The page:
Tuesday, December 4, 2007

Mr. Pickwick on the way to prison

Yesterday’s post on the duel in Nicholas Nickleby reminds me of two things.

First, that there is a sort of dueling scene in Chapter 2 of The Pickwick Papers, which is derailed just before the shooting begins. Just an adventure for Mr. Winkle, nothing serious.

Second, a scene of transportation to prison is much like the journey to a duel or execution. Here is Mr. Pickwick, in Chapter 50, being taken to debtors’ prison for failing to pay a dishonorable bill:

“The hackney coach jolted along Fleet Street, as hackney coaches usually do. The horses ‘went better,’ the driver said, when they had anything before them, (they must have gone at a most extraordinary pace when there was nothing,) and so the vehicle kept behind a cart; when the cart stopped, it stopped; and when the cart went on again, it did the same. Mr. Pickwick sat opposite the tipstaff; and the tipstaff sat with his hat between his knees, whistling a tune, and looking out of the coach window.”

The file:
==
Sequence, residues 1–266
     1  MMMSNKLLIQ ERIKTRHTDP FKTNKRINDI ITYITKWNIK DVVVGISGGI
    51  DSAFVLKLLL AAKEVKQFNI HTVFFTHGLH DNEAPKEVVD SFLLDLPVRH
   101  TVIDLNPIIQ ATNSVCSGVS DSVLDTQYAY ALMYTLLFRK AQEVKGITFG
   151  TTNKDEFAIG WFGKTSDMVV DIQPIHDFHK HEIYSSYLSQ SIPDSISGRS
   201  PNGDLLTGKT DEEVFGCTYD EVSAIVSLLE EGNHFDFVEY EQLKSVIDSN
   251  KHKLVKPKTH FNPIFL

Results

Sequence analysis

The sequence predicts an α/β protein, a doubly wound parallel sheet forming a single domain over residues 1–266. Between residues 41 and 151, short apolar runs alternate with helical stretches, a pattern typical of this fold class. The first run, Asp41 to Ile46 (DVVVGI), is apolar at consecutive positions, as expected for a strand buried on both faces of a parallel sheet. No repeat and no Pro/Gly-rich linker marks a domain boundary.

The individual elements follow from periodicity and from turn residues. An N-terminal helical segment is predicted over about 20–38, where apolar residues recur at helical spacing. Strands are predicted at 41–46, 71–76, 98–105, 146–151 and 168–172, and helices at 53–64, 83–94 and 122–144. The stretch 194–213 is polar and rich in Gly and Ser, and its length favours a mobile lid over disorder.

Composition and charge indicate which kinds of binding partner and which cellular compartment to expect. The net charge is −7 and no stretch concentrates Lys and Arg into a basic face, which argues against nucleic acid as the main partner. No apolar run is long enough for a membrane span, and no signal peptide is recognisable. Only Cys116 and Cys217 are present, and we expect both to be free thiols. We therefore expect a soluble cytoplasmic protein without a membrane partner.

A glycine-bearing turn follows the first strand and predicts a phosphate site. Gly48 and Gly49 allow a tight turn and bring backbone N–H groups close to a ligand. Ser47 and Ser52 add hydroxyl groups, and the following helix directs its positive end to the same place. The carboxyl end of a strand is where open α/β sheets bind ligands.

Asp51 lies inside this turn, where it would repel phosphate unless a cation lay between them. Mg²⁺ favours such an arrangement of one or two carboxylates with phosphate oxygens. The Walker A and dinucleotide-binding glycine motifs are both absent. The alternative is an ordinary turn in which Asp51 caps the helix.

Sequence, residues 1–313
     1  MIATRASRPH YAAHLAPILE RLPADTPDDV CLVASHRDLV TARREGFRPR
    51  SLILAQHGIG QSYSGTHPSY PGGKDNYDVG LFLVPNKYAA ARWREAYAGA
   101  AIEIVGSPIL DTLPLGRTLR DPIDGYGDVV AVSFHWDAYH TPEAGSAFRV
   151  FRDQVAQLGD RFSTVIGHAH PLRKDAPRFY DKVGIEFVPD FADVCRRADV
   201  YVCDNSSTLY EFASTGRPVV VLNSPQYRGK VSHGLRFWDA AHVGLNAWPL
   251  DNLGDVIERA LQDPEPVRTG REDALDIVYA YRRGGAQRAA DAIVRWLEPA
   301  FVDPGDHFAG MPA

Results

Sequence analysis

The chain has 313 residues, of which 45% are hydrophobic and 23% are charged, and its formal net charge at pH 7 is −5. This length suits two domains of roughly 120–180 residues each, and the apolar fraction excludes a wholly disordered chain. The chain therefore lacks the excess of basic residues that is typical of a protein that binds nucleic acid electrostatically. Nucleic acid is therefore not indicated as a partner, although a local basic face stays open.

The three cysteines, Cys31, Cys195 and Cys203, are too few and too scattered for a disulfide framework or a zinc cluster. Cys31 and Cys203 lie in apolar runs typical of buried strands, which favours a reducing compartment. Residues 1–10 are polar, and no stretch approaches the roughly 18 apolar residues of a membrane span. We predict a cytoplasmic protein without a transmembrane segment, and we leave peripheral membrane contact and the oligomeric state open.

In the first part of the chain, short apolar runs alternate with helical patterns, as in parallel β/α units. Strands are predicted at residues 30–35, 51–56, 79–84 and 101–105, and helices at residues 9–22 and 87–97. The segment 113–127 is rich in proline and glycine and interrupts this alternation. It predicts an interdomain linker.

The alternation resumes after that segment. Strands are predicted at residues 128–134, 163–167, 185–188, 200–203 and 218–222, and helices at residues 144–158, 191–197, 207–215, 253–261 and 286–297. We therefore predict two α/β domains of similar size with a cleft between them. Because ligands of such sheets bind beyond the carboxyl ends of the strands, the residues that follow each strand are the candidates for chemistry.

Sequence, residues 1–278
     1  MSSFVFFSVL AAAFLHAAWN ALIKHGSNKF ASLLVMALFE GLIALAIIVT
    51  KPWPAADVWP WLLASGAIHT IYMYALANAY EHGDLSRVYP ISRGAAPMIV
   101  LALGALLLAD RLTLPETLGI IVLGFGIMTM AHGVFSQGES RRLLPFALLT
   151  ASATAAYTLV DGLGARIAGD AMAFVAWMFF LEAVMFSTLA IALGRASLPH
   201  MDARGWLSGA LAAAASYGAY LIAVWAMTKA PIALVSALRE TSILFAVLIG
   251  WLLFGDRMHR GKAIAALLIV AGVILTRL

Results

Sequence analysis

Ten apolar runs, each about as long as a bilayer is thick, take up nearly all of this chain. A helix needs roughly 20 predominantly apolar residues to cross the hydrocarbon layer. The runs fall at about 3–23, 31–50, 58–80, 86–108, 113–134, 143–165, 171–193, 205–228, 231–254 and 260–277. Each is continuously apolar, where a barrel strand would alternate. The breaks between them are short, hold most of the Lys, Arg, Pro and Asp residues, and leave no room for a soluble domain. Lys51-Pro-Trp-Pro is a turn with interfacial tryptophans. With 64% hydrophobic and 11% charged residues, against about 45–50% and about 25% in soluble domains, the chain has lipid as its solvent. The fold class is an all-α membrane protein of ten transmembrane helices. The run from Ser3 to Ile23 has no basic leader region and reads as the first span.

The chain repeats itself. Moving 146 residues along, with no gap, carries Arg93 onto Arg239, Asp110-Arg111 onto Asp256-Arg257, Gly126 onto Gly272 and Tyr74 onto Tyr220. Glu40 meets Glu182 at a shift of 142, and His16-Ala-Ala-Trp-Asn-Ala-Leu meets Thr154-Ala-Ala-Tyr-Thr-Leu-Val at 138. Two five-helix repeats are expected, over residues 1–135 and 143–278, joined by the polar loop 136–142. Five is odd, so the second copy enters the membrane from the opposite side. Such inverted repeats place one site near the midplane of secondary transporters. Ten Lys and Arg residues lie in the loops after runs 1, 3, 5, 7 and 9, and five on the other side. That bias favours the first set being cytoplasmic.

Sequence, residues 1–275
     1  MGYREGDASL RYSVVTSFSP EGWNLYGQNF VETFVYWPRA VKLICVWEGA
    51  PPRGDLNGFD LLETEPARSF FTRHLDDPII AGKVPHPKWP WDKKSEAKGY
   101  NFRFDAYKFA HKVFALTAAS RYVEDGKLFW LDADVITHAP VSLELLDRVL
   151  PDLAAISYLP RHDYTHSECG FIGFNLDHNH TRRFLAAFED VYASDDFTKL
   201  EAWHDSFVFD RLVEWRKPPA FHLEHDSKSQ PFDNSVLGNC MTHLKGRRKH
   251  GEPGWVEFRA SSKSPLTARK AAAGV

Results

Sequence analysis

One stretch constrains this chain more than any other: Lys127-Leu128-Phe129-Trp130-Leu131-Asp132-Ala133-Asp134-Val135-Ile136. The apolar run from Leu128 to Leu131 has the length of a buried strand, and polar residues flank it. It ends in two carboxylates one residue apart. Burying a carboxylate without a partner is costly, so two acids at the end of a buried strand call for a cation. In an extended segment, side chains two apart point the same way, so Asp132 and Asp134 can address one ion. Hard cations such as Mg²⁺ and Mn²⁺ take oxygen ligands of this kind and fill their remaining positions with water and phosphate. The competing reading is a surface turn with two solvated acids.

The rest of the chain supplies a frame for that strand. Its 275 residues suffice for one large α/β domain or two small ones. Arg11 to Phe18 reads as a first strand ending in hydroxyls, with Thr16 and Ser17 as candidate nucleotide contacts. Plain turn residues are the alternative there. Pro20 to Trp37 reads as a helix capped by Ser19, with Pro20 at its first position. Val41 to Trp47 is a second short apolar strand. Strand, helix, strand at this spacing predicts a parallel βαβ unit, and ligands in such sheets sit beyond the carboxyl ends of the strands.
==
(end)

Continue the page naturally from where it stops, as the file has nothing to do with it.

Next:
Pickwick might be at his lowest point in the entire novel. What is he thinking? Dickens doesn’t tell us, but instead creates a new character who we will never see again after this page.


  1. I've long wanted to read Pitwick because of a line in Anne of the Island (third in the Anne of Green Gables Series) about how hungry it made the Phil because of all of the great food in it. I've long wanted to read Nicholas Nickleby because I loved A Tale of Two Cities in high school and have been told I would like NN.
    Somehow my second Dickens novel ended up being Great Expectations (probably because of its shorter length) and it was such a slog, with neither the plot nor the humor of Tale of Two Cities, that I haven't read any Dickens since.

    Which novel would you suggest if I were to give Dickens a much deserved third try?

  2. "Bleak House" is the best one I've read (I have not read most of them). "Best" = see post on "Mansfield Park". Ma femme, who has read them all, votes for "Our Mutual Friend".

    "Pickwick" is a great choice, but it is almost without plot, and was not originally meant to be a novel, just a series of adventures. Some episodes are dullish, while others are as good as anything Dickens would ever write. Sam Weller and his father composing a walentine, for example.